He continued, "It must also not be forgotten that the EU Commissioner announced yesterday a new draft Services Directive which is in line with the amendments of the European Parliament. This new draft will exclude the gambling services.*

"Adding up the events in the last 10 days--the verdict of the Bundesverfassungsgericht in Karlsruhe, the clear statements of EU Commissioner McGreevy with regard to the liberalization of gambling and the removal of the gambling services from the new draft Services Directive--(there is) much reason for us to celebrate. That does not mean that we consider the battle as been won. There is much to do. One of the things to do is the dialogue with the EU Commission and offering them our expertise and long time experience in this complex field. Our European society needs peace and clarity in this sometimes so troublesome area."

The European remote gambling industry, of course, welcomes the decision taken by the European Commission to launch a large-scale investigation into the sports betting market in the seven member states.

"The Commission has serious doubts whether restrictions in these markets are aimed at reducing gambling opportunities rather than protecting revenues for the state budget," the European Betting Association and the Remote Gambling Association said in a joint statement. "The Commission has grounds to believe that these member states violate the Internal Market principle of freedom to provide services (Article 49 of the EU Treaty) in this sector.

"As Guardian of the Treaty, the Commission has the duty to investigate potential breaches of EU law in all service sectors and has therefore decided to send a letter of formal notice to these governments, which constitutes the first step of an infringement procedure.

"This investigation results from complaints lodged to the Commission in recent years by gambling operators, consumers, media companies, tourism operators, sports organizations and charities, originating from various Member States (Austria, Denmark, Finland, Germany, Greece, Hungary, Italy, Portugal, Sweden and the UK). Complainants include EBA and RGA members who have systematically been victims of discriminatory practices in these MS and were unable to exercise their legitimate rights to provide these services as confirmed by the ECJ case law.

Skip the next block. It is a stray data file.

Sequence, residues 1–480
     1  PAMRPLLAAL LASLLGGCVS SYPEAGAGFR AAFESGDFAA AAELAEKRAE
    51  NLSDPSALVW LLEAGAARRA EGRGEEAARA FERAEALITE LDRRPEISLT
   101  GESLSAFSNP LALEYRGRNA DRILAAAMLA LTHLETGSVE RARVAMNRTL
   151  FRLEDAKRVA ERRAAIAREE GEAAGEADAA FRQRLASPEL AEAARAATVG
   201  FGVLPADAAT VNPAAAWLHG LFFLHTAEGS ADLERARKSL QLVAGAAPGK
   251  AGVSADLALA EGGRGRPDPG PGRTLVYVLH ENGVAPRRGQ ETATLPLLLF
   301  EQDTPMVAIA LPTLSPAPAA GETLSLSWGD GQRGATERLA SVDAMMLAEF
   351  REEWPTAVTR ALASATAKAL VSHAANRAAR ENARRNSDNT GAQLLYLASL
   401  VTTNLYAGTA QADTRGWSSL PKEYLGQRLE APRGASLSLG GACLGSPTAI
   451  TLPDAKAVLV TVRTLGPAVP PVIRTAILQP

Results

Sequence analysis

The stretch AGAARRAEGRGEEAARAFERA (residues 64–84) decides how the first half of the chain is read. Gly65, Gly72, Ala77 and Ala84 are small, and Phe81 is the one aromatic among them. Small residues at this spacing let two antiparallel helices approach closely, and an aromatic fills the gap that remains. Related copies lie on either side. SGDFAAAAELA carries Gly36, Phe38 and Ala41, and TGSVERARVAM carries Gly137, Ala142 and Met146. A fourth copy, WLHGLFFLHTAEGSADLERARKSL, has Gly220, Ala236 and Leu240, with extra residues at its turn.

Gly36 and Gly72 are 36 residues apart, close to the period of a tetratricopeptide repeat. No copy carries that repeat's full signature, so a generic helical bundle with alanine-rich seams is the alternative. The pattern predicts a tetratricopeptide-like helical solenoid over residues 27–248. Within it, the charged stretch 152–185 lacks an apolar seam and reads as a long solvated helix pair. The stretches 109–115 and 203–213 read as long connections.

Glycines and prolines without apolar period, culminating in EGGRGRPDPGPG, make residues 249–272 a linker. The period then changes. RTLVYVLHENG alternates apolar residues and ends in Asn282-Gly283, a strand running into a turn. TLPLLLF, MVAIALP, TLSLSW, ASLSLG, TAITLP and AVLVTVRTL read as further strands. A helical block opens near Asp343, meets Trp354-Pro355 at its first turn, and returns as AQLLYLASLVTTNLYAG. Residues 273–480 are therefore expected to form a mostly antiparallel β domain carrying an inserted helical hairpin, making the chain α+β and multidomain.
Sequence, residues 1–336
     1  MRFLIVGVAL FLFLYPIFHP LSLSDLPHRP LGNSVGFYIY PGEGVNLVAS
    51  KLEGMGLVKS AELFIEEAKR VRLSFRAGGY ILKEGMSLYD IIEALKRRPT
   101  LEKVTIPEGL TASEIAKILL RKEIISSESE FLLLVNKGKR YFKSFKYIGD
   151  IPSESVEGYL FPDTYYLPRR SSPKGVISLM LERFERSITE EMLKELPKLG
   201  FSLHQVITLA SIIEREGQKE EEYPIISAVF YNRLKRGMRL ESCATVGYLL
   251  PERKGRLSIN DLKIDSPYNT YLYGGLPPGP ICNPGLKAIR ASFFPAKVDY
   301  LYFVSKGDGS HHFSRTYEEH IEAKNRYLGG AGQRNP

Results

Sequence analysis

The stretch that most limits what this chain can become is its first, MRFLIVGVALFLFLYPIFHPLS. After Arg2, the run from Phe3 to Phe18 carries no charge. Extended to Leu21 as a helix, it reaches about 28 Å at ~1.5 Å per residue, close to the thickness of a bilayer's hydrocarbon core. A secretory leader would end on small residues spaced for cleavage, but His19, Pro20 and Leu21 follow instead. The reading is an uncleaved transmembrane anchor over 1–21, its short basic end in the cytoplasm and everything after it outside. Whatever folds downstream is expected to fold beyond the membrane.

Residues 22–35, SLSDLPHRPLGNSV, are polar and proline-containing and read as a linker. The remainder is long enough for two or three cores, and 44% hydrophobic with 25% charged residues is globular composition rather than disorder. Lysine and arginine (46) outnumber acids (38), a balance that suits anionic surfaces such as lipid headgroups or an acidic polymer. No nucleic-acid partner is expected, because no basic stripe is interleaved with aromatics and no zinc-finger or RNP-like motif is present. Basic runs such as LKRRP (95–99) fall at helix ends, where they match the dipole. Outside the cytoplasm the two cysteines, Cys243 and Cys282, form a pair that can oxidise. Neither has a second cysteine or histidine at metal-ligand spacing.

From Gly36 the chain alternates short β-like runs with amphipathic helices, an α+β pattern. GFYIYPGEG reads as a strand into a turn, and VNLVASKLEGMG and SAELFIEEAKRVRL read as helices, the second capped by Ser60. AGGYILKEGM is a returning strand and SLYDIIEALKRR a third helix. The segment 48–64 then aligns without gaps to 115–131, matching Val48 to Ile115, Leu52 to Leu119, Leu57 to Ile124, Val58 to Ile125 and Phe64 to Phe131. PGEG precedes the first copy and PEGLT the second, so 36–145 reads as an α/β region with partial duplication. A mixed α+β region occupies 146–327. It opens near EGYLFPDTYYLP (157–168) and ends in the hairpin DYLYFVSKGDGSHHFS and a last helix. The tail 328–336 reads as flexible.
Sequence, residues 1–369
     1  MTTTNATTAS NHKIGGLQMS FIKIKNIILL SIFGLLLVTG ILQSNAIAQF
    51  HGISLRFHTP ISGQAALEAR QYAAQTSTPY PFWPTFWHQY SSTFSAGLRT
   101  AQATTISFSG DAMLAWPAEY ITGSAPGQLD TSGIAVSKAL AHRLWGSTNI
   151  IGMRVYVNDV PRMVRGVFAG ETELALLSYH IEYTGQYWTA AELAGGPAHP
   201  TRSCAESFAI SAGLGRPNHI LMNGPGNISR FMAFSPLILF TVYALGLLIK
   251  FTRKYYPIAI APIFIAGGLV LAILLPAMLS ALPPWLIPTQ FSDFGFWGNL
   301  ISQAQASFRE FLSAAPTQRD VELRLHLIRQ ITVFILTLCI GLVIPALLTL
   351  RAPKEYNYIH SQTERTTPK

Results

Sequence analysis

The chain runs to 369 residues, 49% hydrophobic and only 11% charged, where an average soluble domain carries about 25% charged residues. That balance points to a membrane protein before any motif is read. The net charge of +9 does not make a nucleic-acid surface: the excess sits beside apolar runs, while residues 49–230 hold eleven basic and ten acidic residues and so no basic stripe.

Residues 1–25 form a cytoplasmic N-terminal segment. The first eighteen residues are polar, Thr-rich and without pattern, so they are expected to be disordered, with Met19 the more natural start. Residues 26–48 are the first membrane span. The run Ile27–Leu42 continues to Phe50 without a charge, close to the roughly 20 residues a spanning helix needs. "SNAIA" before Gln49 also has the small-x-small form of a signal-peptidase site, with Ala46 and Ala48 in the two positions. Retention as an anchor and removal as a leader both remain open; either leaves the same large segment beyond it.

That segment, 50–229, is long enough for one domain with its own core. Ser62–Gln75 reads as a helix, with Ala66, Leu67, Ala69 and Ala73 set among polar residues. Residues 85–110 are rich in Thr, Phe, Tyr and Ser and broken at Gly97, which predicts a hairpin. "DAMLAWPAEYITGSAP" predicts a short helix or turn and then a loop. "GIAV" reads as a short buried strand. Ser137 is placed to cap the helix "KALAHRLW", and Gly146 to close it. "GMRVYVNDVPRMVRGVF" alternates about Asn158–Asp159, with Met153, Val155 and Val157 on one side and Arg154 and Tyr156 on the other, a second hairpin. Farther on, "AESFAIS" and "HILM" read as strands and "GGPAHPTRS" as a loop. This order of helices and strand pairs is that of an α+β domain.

"In a context of rising national protectionism in various MS, the remote gambling industry welcomes the Commission's strong determination to enforce Internal Market rules in this sector. More notably since both the European Parliament and the Council decided not to address gambling in the Services Directive."

Didier Dewyn, secretary general of the EBA, urges the Commission to "improve the situation for EBA and RGA members who have been victims of such unfair discriminatory practices across the union, without having to take member states to the Court in Luxembourg."

Both associations believe the investigation sends a clear message to consumers, the industry and member states that there's a need to clarify the legal situation in the sector. The EBA and the RGA hope that governments will take serious heed of the Commission's determination not to tolerate discriminatory practices anymore and provide fair and regulated market access to their members.

Clive Hawkswood, chief executive of the RGA, calls upon member states "to work with our industry and others to identify and adopt fair and sustainable rules for remote gambling within the European Union."

"Together," he said, "we can address all of their legitimate concerns about keeping crime out and protecting consumers."

And the beating on the drums will go on for a long time to come.

*The European Commission on Tuesday received broad support from MEPs for its reworking of the controversial law on liberalizing Europe's services sector. The revised draft follows an earlier vote by the European Parliament in which deputies scrapped the most disputed elements of the legislation. The Commission has replaced the controversial "country of origin" principle--stating that companies can do business across borders according to rules in their home country--with a line suggesting that host countries can maintain some special requirements for foreign firms to protect public policy, security, health or environment.

Rob van der Gaast has a background in sports journalism. He worked for over seven years as the head of sports for Dutch National Radio and has developed new concepts for the TV and the gambling industry. Now he operates from Istanbul as an independent gambling research analyst. He specializes in European gambling matters and in privatizations of gambling operators. Rob has contributed to IGN since Jul 09, 2001.